End of the Line

Roy Blount Jr. Keeps it Simple

A passionate plea for a simpler plate of food

Illustration: BARRY BLITT

Reading about contemporary food lately, I keep running into something called Banana Everything Cookie. Why banana everything? That’s like calling the earth Banana Everything Planet. If these cookies have everything, why not call them The Cookies?

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Too many elements. It’s a trend. Did you know that Krystal recently offered a burger embellished with “BBQ bacon cheese” (whatever that is) or pimento cheese? So there is such a thing now as a classic slider. Elegant, exemplary, timeless. But that’s just one category.

I appreciate a basic Krystal, or six. Say you’ve had a little too much to drink. Or more than a little and spilled some of it. In either case, a traditional Krystal will absorb some of that. If it’s got “BBQ bacon cheese” on it, though…

Too many elements can throw anything off. A musician’s sound in New Orleans is described as “hillbilly-post-punk-goth-rock,” and “Hank Williams meets the Smiths meets Siouxsie and the Banshees.” I have tried to eat burgers like that lately. Ostrich meat gamely fighting its way out of a pretzel-dough bun roughly enfolding chili and fries (slopping around inside the bun, do I make myself clear?) and onions and bell peppers and so many other layers, there’s no way you can pick it up by hand or get a comprehensive cross-section bite of it with any imaginable combination of utensils.

I’m not calling for throwback austerity, like Michael Pollan when he says, “Don’t eat anything your great-grandmother wouldn’t recognize as food.” In my case, that would exclude yogurt, garlic, and boudin, not to mention sushi.

You didn’t think I was recommending a combination…? Good.

In Esquire I read of an eatery called Nudibranch, which provides “a mash-up of occasionally Korean foundations with everything from bottarga to aji panca peppers to Shaoxing wine to huitlacoche [what, no raw goat meat?],…and alpaca tartare [ah, there it is!]…[the food] made me laugh along with the sheer chutzpah of it all.” Turns out a nudibranch is a kind of sea slug. And huitlacoche is corn smut. As my great-grandmother might say, like Hattie McDaniel in Gone with the Wind, “Hm!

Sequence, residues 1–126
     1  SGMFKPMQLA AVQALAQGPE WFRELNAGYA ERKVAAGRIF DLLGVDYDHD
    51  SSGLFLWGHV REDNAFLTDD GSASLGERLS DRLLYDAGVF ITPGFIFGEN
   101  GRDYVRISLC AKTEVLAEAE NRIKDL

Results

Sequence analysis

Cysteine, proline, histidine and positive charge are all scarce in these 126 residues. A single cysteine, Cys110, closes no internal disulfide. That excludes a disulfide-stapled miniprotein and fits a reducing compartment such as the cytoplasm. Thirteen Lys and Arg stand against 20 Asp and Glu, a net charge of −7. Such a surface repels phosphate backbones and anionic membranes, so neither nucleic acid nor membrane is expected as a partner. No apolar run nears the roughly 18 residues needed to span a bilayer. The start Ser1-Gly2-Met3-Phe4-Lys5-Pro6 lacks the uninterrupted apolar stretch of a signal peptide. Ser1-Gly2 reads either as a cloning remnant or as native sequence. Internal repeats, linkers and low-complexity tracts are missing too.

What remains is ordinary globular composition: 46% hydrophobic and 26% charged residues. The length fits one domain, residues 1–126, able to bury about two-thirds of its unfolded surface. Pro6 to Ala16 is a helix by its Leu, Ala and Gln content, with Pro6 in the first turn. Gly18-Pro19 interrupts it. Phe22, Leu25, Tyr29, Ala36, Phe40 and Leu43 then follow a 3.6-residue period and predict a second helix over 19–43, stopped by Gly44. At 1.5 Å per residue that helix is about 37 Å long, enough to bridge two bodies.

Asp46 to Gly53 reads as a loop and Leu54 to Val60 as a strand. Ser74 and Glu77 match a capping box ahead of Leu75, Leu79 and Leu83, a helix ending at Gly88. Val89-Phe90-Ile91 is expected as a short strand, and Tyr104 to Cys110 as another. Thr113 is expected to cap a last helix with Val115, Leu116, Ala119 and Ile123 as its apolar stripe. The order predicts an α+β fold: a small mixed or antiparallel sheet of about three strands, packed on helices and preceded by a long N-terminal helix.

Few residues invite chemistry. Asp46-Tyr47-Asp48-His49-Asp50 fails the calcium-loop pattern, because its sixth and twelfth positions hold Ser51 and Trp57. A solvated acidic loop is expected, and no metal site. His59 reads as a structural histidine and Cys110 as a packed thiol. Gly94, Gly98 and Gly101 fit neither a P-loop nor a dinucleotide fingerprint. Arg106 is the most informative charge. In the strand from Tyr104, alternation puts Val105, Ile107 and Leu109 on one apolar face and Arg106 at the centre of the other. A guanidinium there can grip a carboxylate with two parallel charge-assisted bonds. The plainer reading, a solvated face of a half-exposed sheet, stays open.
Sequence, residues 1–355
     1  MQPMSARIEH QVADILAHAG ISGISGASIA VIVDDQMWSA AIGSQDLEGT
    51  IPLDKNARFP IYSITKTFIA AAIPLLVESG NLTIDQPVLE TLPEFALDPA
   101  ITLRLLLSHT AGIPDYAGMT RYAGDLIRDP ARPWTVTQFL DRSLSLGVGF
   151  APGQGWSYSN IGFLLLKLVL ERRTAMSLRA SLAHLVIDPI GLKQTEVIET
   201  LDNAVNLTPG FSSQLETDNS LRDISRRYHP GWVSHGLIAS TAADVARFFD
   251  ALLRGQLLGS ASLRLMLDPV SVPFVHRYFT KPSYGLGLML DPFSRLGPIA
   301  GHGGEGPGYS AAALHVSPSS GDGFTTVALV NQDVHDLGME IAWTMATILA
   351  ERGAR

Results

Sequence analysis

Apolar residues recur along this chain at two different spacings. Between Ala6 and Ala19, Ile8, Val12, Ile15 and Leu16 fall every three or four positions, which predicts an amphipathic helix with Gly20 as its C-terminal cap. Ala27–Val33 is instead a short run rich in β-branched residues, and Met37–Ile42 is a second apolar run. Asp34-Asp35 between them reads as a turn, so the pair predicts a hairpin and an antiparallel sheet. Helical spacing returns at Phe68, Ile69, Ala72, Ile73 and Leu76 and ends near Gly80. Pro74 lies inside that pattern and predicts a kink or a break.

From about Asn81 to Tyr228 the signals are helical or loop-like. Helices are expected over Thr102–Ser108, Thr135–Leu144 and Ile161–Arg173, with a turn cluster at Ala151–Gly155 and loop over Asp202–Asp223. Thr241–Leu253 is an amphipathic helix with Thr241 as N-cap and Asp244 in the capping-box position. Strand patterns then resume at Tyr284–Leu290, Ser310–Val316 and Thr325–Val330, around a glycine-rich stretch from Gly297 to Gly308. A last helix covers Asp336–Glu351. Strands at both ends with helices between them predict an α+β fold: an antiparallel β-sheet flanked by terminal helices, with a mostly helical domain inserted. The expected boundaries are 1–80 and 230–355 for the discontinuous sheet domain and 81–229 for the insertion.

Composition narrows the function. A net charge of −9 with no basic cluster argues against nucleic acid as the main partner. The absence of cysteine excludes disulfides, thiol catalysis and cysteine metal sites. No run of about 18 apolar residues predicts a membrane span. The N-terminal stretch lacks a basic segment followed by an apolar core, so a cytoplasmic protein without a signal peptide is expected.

But Nudibranch is in New York City, the East Village. The Bob Evans “farmhouse kitchen” chain is a Middle America concept. So why does Bob serve not only “Cinna-biscuits” (with warm cream-cheese icing) but also, to quote the menu fully, “CHICKEN-N-NOODLES DEEP-DISH: Signature house-made Deep-Dish Chicken-N-Noodles and our famous mashed potatoes atop a freshly-baked buttermilk biscuit.” That biscuit is buried under eight hyphens, a stack of two other starches (one of them famous: “Hey, aren’t you a celebrity? You resemble somebody’s famous mashed potatoes!”), and some chicken.

A reaction is bound to come. Simplify, simplify. But we have been conditioned to expect multifarious bites.

In a supermarket the other day, I encountered a whole separate display for these:

“Muddy Bites, the best part of a sundae cone.” The pointed tip of like a Nutty Buddy or a Drumstick, with all the layers. “Now available as a bite-sized snack. The best bite, over and over again. It’s…Happiness Multiplied!” I don’t know how they could get a drop of melted ice cream in each one, though.

Here’s what you can get at one pizza chain:

Papa Johns Papa Bowls. No crust, just myriad toppings, together in a bowl. Eat it with a spoon? I guess—not, surely, with your hands. What this does is, it eliminates the original foundation of pizza. The foundation has been overtopped. I would miss the crust. Emotionally.

What’s next? Iterations of that perfect forkful of casserole you dropped on the floor? Full cups of the next-to-last milkshake slurp?

Much, no doubt, will depend on marketing. I would never have considered eating scraps of whale meat fried by the sun, until I read Melville’s description in Moby-Dick. Whale fritters smell like “old Amsterdam housewives’ dough-nuts,” he writes, and “they have such an eatable look that the most self-denying stranger can hardly keep his hands off.”

“My partner and I,” says Ishmael,

“Don’t need a several-dish meal.

Since it’s just Queek and me

(When he’s not at sea),

We’re fine with a blubber-and-fish meal.”